Being classified as non-essential became the proximate cause for the learning center’s closure during most of 2020. The subcontractor’s damage to the business and the down time to repair the facility (which occurred during the COVID-19 mandated shutdown) became a remote causation. This is because even if no damage had been incurred by the learning center, that center would have been closed and profits lost during most of 2020 due to its non-essential status.

New Lost Profits Assignment with Unique Twist

Recently, I was hired for a new assignment. This was a start-up company who was suing a vendor for breach of contract. The start-up company had a sister company that had been in existence for several years. It purchased the vendor’s waste materials at bulk and sold the materials to other users. Some of the materials could be sold “as is.” Other material had to be refined or purified before re-use.

The sister company generated a strong cash flow from its operations. This cash flow was used to begin the start-up company which had developed a use for one of the materials purchased and sold by its sister company.

The start-up company was in the process of getting government regulatory approval to market and sell its product when the vendor chose to not renew the buy/sell agreement. The sister company claimed the vendor had assured the company it would renew the agreement for two years. This would have extended the agreement to the end of 2021. Due to the argument over the extension of the agreement or lack thereof, the vendor ceased selling the waste materials to the sister company prior to maturity of the existing contract. This was the foundation for the breach of contract suit which was brought by the sister company.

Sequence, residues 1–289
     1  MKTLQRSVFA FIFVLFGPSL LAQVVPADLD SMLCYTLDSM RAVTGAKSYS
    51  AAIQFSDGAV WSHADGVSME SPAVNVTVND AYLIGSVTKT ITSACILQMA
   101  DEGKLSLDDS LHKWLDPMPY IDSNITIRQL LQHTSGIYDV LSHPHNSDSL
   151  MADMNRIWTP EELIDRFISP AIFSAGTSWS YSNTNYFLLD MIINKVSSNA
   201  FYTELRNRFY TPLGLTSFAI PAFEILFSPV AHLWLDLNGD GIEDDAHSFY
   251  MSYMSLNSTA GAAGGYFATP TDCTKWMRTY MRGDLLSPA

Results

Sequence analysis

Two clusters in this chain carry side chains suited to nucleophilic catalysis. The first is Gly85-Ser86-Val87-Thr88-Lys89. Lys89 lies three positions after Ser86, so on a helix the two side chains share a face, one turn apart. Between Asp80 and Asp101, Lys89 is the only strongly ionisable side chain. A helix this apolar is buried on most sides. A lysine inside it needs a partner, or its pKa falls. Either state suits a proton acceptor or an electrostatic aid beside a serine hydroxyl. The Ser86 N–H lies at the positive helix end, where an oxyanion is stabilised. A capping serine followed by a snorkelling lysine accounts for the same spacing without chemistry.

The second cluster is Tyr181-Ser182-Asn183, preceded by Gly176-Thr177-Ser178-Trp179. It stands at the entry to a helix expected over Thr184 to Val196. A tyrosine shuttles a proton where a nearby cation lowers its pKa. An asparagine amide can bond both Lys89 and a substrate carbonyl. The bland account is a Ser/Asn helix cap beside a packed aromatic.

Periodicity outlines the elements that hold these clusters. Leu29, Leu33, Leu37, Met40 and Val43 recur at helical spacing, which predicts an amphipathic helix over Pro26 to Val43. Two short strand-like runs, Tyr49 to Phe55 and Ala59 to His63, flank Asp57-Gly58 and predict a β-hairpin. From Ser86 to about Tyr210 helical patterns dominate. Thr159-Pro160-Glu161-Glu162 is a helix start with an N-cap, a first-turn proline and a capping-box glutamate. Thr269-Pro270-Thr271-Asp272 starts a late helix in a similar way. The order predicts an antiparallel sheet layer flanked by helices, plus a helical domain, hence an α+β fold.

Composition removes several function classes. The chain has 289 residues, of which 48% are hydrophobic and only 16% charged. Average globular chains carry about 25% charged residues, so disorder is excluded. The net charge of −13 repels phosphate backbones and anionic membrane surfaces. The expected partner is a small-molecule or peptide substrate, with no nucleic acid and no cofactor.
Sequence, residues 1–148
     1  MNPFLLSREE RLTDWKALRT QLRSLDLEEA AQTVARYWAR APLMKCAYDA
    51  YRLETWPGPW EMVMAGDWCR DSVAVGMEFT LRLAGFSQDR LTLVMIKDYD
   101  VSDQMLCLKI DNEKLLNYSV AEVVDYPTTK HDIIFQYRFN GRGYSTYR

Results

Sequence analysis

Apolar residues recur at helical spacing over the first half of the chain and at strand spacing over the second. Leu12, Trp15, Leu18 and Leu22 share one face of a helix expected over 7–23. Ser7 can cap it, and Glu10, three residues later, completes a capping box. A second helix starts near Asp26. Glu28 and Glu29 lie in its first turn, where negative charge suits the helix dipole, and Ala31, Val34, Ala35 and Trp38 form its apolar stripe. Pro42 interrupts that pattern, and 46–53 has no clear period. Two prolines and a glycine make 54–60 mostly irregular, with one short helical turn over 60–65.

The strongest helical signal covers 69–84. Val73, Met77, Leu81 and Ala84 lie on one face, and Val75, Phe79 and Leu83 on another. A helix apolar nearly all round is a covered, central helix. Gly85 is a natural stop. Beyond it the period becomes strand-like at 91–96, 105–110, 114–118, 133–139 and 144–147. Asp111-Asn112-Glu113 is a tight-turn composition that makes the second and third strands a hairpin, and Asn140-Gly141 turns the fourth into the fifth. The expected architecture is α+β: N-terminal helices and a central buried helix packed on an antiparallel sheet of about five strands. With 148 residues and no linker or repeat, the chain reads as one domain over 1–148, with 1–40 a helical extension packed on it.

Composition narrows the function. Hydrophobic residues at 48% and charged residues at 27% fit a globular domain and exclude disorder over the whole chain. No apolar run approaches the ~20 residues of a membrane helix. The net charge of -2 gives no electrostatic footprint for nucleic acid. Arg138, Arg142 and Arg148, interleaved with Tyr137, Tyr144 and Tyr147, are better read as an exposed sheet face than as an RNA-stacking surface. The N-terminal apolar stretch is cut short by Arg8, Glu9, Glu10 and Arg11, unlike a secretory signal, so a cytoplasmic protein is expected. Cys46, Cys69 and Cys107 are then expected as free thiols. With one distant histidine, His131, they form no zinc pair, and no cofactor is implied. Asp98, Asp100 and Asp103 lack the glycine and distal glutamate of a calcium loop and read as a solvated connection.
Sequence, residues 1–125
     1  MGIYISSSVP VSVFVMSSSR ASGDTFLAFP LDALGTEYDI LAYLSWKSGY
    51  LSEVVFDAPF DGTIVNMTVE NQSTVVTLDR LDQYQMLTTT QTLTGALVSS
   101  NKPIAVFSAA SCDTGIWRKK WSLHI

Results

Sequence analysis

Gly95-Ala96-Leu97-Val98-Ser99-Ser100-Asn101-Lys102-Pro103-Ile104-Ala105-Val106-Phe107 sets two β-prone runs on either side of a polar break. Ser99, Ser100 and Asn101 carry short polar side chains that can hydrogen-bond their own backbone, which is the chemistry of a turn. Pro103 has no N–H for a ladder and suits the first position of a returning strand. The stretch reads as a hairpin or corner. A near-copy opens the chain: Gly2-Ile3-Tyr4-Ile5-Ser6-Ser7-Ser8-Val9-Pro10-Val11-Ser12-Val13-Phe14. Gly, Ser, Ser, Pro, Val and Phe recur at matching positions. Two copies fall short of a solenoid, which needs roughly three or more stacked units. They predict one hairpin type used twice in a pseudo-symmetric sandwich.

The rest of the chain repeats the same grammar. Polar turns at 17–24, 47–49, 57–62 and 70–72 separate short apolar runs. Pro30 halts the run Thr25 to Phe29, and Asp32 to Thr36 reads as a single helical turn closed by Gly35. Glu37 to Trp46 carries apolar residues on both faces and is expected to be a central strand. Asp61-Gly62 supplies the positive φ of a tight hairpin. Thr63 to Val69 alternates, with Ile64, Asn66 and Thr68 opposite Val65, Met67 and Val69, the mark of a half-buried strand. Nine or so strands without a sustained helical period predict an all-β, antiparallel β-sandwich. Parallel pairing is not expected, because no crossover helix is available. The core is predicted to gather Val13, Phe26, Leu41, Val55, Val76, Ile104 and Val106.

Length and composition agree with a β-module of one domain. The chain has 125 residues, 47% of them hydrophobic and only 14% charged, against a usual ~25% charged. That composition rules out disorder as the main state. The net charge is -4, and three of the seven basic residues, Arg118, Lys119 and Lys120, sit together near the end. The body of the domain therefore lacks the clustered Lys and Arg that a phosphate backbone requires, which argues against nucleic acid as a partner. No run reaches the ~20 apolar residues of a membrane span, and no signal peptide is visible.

The start-up company joined the suit in 2021. The start-up company claimed the cash flow funding the research and development for the new product and the costs for testing and seeking regulatory approval was coming from the sales of the waste materials. With the vendor not following through with its alleged commitment to extend the buy/sell agreement, the start-up company had lost its cash flow support from its sister company and had to start seeking investors. This had taken time away from management’s focus on business development that included the testing and filing for regulatory approval.

One claim made by the start-up company was unique. Had the cash flow not stopped due to the actions of the vendor, it would have been able to complete its testing and applications prior to the arrival of COVID-19. That is, all its application work would have been completed prior to March 2020. The start-up company argued that with the start of COVID-19, governmental agencies and regulators began working virtually, mostly from home. These employees had limited access to laboratories and testing facilities. This greatly slowed any firm’s applications.